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Eastern Europe: The Arena for Mass Murder

Child selling armbands in the Warsaw Ghetto, Winter 1941. CL:Joe Heydecker, Vienna and Sao Paulo, Brazil
"They broke out crying wailed, screamed. Some tried to escape on the way there but they were shot dead....The condemned were stripped of their clothes. and in groups of three hundred they were forced into the ditches. First they threw in the children. The women were shot at the edge of the ditch, after that it was the turn of the men. Many were covered while they were still alive."
Dr. Helen Kutorgene, Survivor, Kovno, Lithuania, October 28, 1941

The women of one Jewish family (Grandmother, mother, children) photographed by an execution squad prior to their murder. Liepaja, Latvia. Dec. 15, 1941. CL:Zentrale Stelle. Ludwiqsburq
On September 27, 1939, the Polish capital of Warsaw fell and the conquest of Poland was completed within four weeks. Almost two million Polish Jews were now under Nazi rule. Even before the invasion of Poland, the Nazis had chosen Eastern Europe (Poland, the Baltic States, and the Soviet Union) as the ideal arena for the mass murder of Europe's Jews. They reasoned that: the largest numbers of Jews lived in these areas; they were removed from neutral observers; the local populations were traditionally hostile to the Jews; and the killing could be camouflaged as part of the war effort and the struggle against Bolshevism.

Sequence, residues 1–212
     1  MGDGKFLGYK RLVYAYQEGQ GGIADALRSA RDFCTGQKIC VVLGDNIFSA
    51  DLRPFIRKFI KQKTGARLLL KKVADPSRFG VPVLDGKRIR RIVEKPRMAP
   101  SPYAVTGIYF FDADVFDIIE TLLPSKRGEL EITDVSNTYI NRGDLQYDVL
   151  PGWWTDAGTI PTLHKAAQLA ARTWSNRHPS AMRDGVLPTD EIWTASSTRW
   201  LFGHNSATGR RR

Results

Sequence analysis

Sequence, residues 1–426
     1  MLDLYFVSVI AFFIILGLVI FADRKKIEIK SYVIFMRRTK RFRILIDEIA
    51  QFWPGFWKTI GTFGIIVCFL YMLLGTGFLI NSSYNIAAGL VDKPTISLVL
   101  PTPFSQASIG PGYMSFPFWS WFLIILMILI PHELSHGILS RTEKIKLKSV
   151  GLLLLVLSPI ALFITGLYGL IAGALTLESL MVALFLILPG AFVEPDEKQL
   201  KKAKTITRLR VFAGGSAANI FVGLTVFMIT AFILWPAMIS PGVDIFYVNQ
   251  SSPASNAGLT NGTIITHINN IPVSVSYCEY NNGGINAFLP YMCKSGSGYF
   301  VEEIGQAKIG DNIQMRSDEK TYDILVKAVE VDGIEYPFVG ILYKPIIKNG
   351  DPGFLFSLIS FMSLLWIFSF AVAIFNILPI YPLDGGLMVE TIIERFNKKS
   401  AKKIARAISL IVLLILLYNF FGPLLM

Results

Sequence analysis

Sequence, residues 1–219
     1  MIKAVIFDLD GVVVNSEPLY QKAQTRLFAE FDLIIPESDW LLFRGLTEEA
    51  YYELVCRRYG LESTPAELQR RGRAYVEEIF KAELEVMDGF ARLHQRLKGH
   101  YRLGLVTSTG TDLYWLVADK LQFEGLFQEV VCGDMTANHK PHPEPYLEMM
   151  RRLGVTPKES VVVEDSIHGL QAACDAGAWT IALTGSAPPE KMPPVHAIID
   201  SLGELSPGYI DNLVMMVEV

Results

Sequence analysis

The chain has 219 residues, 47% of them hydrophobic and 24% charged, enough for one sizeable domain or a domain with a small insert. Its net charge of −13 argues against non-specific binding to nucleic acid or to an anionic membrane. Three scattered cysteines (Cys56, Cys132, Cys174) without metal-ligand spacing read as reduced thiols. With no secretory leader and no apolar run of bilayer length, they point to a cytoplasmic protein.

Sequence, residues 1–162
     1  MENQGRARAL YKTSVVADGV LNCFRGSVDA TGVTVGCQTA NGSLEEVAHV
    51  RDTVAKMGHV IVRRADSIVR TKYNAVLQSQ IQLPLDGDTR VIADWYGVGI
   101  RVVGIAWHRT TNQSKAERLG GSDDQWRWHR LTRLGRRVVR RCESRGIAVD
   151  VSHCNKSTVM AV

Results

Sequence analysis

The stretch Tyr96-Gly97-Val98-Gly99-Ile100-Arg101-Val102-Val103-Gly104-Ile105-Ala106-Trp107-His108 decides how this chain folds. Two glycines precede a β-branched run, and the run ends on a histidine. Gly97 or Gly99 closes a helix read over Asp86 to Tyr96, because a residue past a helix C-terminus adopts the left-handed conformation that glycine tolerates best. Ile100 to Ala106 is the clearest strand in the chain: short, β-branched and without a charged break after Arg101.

Group of Polish partisans being led to Beuthen in October 1939. CL:BPK
Terror was the basis of Nazi policy in occupied Poland. At first the Nazis focused on eliminating the Polish intellectual elite. Over 10,000 Polish priests, teachers, and political leaders were murdered in the first months of occupation. Over 120,000 Jews died during the same period as victims of the concentrated aerial bombardment of known Jewish sections of Warsaw; or as victims of execution squads; or as soldiers in the Polish army. By the summer of 1941, 3 million Jews would be trapped in Poland. "In our scroll of agony. not one small detail can be omitted. Even though we are now underqoinq terrible tribulations and the sun has grown dark for us at noon, we have not lost our hope that the era of light will surely come. Our existence as a people will not be destroyed. Individuals will be destroyed. but the Jewish community will live on. Therefore. every entry is more precious than gold. so long as it is written down as it happens. without exaggerations and distortions." Chaim A. Kaplan, The Warsaw Diary, October 26, 1939
Second selection of the remaining Jews of Olkusz, 1942. CL:Zentrale Stelle. Ludwigsburg

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